I'm trying to take a simple measurement of ~2.4 GHz (WiFi land) with an RF spectrum analyzer (Tektronix RSA607A) but have so far been unsuccessful. On the RF In port I have an N-BNC adapter connected to a meter-long BNC cable, which is connected to a BNC-SMA adapter and WiFi antenna. All items in the chain are spec'd at \$50 \Omega\$.


All I am able to measure, however, is noise. I tried using several different cables, reattaching all connections, and even plugging the whole shebang into a Tektronix MSO3054's RF port. I 'know' the spectrum analyzer is working -- I plugged a waveform generator into RF In by way of a BNC cable and said N-BNC adapter, and the analyzer successfully measured a 1 MHz sine wave.

I'm sure it's something trivial, but we don't have any RF-experience persons around to consult. Does this setup appear obviously incorrect somewhere?

  • \$\begingroup\$ You might need a pre-amp to boost the signal level. Mini circuits is a good place to look for one. \$\endgroup\$
    – EE_socal
    Nov 16, 2018 at 20:15
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    \$\begingroup\$ BNC connectors aren't a great choice at microwave frequencies. What are you using to make the wifi transmit? Can you try some other radio source (even at a very different frequency) to make sure you are using the analyzer correctly? Has the analyzer been damaged, perhaps by someone wiring it to a source that has a DC offset? \$\endgroup\$ Nov 16, 2018 at 20:58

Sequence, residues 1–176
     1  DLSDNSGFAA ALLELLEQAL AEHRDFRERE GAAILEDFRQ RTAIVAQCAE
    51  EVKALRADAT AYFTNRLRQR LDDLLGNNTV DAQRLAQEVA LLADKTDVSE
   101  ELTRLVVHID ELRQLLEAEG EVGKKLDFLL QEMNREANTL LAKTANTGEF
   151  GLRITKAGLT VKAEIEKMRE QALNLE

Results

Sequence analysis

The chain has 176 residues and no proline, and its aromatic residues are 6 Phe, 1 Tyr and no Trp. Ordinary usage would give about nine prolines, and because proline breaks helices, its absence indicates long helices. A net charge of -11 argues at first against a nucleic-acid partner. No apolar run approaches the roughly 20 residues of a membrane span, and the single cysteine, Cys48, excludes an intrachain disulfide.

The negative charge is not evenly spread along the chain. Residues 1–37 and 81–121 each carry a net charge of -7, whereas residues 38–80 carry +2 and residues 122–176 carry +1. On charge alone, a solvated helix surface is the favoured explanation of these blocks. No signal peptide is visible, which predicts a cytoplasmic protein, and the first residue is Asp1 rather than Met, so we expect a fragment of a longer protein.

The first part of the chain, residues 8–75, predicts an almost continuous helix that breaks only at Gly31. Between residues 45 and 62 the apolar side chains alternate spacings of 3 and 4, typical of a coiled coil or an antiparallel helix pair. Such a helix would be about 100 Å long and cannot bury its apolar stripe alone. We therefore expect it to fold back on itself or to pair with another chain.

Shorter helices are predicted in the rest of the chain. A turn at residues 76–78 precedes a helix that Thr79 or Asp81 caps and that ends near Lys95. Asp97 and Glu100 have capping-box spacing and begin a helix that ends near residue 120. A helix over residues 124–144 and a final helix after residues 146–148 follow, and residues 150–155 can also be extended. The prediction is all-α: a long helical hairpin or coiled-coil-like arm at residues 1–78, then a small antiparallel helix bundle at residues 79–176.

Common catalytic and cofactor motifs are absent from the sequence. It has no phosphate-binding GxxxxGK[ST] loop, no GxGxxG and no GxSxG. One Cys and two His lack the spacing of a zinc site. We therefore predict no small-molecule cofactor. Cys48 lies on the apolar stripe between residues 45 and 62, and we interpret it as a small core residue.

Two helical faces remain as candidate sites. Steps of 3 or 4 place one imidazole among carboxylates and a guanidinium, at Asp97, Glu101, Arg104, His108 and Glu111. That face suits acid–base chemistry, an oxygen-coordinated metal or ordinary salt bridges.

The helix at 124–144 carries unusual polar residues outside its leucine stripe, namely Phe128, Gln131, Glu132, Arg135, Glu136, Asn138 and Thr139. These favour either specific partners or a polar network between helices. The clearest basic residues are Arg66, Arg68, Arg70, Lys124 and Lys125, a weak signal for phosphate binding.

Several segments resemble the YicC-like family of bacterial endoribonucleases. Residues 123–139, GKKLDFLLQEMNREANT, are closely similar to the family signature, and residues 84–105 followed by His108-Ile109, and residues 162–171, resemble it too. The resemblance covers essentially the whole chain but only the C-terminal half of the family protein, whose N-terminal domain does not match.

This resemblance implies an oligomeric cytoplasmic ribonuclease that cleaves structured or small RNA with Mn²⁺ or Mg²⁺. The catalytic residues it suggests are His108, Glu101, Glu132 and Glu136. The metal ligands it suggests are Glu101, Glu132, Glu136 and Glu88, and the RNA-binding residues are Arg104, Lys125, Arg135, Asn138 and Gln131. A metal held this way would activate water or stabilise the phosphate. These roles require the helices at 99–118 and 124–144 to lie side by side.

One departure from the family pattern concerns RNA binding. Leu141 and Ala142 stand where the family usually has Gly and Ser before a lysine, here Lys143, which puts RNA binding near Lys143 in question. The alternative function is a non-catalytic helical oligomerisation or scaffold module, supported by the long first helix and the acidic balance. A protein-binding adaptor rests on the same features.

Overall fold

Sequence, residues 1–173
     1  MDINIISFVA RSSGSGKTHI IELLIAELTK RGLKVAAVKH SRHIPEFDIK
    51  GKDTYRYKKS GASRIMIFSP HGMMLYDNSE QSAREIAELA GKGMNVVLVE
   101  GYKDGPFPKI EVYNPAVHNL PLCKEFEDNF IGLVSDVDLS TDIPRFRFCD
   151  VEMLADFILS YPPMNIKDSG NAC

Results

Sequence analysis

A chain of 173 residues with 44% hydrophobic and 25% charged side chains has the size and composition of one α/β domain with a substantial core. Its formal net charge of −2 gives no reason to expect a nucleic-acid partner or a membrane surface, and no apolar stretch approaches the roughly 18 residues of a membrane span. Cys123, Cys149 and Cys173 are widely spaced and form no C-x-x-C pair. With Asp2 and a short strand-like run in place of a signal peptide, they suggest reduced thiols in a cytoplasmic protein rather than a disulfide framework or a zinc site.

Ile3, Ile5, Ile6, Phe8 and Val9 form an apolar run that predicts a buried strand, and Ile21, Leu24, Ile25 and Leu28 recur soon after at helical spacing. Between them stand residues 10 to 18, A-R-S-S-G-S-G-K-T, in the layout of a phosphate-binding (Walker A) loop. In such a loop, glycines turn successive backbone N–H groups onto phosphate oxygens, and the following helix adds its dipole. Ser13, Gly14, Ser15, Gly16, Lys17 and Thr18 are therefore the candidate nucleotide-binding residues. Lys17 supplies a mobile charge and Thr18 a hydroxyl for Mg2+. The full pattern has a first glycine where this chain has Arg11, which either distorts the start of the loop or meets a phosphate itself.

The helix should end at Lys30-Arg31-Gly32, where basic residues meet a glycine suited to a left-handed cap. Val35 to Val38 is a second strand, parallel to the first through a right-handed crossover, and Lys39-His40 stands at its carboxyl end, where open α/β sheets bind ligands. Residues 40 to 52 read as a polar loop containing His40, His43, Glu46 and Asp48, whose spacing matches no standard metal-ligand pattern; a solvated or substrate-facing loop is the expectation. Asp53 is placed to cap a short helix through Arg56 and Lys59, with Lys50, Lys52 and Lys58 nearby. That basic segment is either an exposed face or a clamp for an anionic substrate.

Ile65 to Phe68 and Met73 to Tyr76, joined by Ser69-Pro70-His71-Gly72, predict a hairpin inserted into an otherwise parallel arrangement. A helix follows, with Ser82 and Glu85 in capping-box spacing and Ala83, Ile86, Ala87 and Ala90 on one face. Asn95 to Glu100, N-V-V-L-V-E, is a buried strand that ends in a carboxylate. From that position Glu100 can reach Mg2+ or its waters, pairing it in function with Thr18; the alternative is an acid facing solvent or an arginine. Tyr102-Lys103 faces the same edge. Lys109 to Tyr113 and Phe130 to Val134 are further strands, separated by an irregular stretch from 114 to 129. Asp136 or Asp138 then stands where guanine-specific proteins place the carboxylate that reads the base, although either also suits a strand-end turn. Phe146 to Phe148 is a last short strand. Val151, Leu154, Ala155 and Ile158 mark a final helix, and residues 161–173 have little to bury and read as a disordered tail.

• \$\begingroup\$ @ChrisStratton Ah, forgot to add -- I tried it with an arbitrary waveform generator, too, with success. Edited my answer. I will try other sources -- currently I am just trying to measure ambient WiFi and a nearby IoT device (~1 m away). \$\endgroup\$ Nov 16, 2018 at 21:07
  • \$\begingroup\$ @ChrisStratton Also, I am going to purchase an N-SMA adapter to plug the antenna 'directly' into the spectrum analyzer to shorten the chain a bit. \$\endgroup\$ Nov 16, 2018 at 21:08
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    \$\begingroup\$ Is there anyone in your facility familiar with the usage of this gear? Seems like you have a lot of pricey toys, some of them easily damaged. Typically a place that buys these has people who know how to use them, both from a functional perspective and a not blowing up the front end one. \$\endgroup\$ Nov 16, 2018 at 21:09

1 Answer 1


The setup looks fine, IMO, however, I highly doubt you'll see ambient WiFi signals coming through without some sort of amplification, especially if the noise floor of your spectrum analyzer is not that great. You may have some luck if you put your WiFi source much closer to the antenna (and oriented correctly, which will depend on the far-field radiation patterns of the antennas), but even that may be problematic.

As mentioned in comments, BNC isn't an ideal connector for this, but I don't think it should be a real issue. Microwaves101 lists BNC as rated up to 4GHz.

I don't have any realistic numbers off the top of my head, but I'd guess you'd need a noise floor lower than say -80 or -90 dBm to distinguish any ambient WiFi signals from noise.


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